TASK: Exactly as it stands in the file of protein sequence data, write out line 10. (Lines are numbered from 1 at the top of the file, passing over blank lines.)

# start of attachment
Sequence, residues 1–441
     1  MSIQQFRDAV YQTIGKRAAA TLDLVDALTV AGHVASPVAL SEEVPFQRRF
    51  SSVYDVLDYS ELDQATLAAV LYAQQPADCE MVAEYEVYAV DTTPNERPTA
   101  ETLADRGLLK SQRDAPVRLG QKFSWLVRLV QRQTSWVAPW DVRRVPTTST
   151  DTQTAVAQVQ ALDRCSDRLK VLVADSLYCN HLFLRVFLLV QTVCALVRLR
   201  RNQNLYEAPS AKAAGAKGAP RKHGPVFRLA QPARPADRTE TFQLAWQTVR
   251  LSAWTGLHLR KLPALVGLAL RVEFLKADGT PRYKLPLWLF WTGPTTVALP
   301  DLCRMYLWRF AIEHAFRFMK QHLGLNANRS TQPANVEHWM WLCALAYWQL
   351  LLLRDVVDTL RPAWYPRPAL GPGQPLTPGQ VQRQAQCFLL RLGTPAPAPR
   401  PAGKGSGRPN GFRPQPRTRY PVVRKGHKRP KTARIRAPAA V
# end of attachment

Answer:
   401  PAGKGSGRPN GFRPQPRTRY PVVRKGHKRP KTARIRAPAA V